By Eric Glazer, Esq.     

Published August 20, 2018

We all know that condominium and homeowner associations sue and get sued all the time.  Are there any specific obligations to inform the unit owners that the association has filed suit?  Are there any specific obligations to inform the owners or potential buyers that the association has been sued?  Believe it or not, the answer depends upon what type of community you live in.

Does the Board Need Permission from the Owners in Order to Sue?

The Florida Condominum Act nowhere mentions that the Board of Directors needs any type of permission from the owners in order to file a suit against anyone for any reason.

On the other hand, in a homeowner’s association Florida Statute 720.303(1) states:

Before commencing litigation against any party in the name of the association involving amounts in controversy in excess of $100,000, the association must obtain the affirmative approval of a majority of the voting interests at a meeting of the membership at which a quorum has been attained.

Why is permission required from owners in one type of community but not in another? Why have two different standards? 

Must The Board Disclose the Fact that the Association Was Sued?

            For condominiums, Florida Statute 718.119 states:

(3) In any legal action in which the association may be exposed to liability in excess of insurance coverage protecting it and the unit owners, the association shall give notice of the exposure within a reasonable time to all unit owners, and they shall have the right to intervene and defend.

            The HOA Statute is silent in this regard.

            Why should condo owners have the right to be told that their association was sued and may be exposed to liability in excess of available insurance coverage, but HOA owners not be entitled to know this pretty important information?  Again, why two different standards?

            Interestingly enough, despite The Florida Legislature recently amending both 718 and 720 in regards to what estoppel certificates must contain, neither statute requires either a condo association or homeowner’s association estoppel certificate to disclose to a new buyer that the association is engaged in any litigation and may be exposed to a judgment at some point in the future.  Shouldn’t a new buyer have the right to know that if they consummate the sale, they may be exposed to a special assessment at some point in the future as a result of pending litigation?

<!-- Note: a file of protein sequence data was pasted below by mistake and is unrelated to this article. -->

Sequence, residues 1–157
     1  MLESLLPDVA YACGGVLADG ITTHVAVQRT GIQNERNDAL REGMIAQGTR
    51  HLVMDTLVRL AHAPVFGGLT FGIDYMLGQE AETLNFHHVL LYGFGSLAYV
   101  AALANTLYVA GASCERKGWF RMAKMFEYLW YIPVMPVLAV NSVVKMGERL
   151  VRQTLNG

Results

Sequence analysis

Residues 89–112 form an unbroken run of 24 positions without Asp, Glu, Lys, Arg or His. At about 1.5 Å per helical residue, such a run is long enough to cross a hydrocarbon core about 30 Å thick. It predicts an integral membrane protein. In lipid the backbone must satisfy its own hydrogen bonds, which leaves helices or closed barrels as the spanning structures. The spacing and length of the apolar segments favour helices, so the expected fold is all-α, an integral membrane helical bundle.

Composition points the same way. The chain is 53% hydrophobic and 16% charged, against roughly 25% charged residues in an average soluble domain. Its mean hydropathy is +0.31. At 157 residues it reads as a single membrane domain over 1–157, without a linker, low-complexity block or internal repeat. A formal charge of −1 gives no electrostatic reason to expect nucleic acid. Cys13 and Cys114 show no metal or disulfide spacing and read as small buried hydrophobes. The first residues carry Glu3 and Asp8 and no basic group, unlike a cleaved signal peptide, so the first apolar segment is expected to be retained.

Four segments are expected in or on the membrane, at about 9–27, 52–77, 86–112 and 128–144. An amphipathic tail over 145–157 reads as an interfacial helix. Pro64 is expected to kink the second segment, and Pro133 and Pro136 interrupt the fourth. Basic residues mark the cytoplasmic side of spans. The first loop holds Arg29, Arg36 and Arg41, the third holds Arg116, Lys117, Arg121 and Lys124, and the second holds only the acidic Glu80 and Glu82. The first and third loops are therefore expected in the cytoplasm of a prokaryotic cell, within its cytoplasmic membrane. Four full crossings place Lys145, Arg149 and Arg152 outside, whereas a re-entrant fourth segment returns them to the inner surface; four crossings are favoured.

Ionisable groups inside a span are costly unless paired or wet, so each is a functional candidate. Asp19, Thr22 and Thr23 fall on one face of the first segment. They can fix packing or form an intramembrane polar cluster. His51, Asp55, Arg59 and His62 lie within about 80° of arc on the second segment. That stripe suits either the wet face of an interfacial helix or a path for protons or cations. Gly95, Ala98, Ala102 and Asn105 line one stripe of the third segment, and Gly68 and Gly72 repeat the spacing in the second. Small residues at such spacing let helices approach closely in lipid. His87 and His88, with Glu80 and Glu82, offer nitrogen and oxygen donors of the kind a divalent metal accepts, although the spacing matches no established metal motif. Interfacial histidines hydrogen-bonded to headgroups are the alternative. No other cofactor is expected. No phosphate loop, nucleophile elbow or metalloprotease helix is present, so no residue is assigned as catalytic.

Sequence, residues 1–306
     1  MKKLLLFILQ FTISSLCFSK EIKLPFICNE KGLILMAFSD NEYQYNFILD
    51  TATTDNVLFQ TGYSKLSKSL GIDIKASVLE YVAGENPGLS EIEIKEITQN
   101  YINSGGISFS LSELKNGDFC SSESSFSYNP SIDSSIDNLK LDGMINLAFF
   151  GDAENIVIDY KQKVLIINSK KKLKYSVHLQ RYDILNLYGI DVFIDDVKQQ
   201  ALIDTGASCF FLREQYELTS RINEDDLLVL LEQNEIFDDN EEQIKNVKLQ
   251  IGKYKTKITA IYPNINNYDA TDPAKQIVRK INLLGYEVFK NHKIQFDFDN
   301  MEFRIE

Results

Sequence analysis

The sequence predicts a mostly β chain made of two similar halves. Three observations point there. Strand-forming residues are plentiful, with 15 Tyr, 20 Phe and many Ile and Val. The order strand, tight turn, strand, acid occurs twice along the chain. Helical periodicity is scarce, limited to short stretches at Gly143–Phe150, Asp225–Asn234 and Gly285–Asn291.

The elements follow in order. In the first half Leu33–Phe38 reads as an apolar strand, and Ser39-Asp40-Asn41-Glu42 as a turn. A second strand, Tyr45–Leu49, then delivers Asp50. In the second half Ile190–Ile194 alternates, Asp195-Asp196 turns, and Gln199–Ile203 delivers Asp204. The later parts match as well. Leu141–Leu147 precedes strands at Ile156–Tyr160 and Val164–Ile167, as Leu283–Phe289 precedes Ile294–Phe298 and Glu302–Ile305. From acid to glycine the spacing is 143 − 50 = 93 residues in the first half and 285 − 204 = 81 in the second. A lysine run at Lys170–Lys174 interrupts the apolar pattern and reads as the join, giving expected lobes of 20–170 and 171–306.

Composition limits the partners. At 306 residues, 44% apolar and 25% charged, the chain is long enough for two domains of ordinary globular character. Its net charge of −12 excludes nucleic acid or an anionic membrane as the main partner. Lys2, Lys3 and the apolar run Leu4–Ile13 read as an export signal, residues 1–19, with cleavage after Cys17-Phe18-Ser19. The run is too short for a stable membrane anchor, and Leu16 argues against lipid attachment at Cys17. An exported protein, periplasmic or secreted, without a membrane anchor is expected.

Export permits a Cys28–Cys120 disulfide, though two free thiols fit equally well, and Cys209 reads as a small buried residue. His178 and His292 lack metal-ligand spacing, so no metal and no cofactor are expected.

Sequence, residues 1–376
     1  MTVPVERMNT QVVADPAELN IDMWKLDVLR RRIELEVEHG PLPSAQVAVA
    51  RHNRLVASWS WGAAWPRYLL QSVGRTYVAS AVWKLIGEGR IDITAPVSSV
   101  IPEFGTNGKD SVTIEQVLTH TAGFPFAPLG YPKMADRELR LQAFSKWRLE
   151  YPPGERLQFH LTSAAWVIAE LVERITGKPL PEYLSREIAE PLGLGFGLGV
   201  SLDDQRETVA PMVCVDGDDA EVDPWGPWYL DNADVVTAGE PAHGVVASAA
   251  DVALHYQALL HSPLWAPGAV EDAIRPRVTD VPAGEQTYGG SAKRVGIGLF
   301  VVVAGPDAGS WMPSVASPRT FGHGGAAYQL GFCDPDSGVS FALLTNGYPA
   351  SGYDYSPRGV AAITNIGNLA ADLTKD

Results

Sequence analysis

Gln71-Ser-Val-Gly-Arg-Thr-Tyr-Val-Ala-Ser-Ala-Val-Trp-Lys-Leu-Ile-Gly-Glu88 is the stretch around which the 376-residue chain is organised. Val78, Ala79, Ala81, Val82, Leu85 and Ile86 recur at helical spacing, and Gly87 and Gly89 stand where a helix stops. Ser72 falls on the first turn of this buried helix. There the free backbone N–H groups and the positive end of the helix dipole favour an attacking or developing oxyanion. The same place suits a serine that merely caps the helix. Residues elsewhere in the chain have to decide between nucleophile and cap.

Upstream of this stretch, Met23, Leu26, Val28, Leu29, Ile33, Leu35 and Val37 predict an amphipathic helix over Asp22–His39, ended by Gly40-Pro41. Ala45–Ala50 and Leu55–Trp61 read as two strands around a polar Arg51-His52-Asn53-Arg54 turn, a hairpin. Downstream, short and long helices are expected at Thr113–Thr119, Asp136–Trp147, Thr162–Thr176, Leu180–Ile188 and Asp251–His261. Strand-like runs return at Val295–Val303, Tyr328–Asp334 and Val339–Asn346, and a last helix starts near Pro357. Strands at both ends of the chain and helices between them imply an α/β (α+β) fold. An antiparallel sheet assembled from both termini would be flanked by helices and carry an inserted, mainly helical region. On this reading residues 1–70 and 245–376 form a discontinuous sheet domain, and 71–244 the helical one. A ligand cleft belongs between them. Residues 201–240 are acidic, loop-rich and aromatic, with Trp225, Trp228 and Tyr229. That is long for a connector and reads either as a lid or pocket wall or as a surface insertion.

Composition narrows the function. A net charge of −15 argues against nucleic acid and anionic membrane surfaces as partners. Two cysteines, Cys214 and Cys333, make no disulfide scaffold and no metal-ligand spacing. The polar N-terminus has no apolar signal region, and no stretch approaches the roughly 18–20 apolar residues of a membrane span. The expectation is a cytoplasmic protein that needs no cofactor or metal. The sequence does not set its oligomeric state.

Whenever we can, we try to point out the discrepancies between the condo and HOA statutes in regards to a specific topic.  Next week we’ll discuss arbitration, mediation and litigation.  Wait until you see those discrepancies!    

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About HOA & Condo Blog

Eric Glazer Eric Glazer graduated from the University of Miami School of Law in 1992 after receiving a B.A. from NYU. He has practiced community association law for more than 2

decades and is the owner of Glazer and Associates, P.A. a seven attorney law firm with offices in Fort Lauderdale and Orlando and satellite offices in Naples, Fort Myers and Tampa.


Since 2009, Eric has been the host of Condo Craze and HOAs, a weekly one hour radio show that airs at noon each Sunday on 850 WFTL.




He is the first attorney in the State of Florida that designed a course that certifies condominium residents as eligible to serve on a condominium Board of Directors and has now certified more than 10,000 Floridians all across the state. He is certified as a Circuit Court Mediator by The Florida Supreme Court and has mediated dozens of disputes between associations and unit owners. Eric also devotes significant time to advancing legislation in the best interest of Florida community association members.

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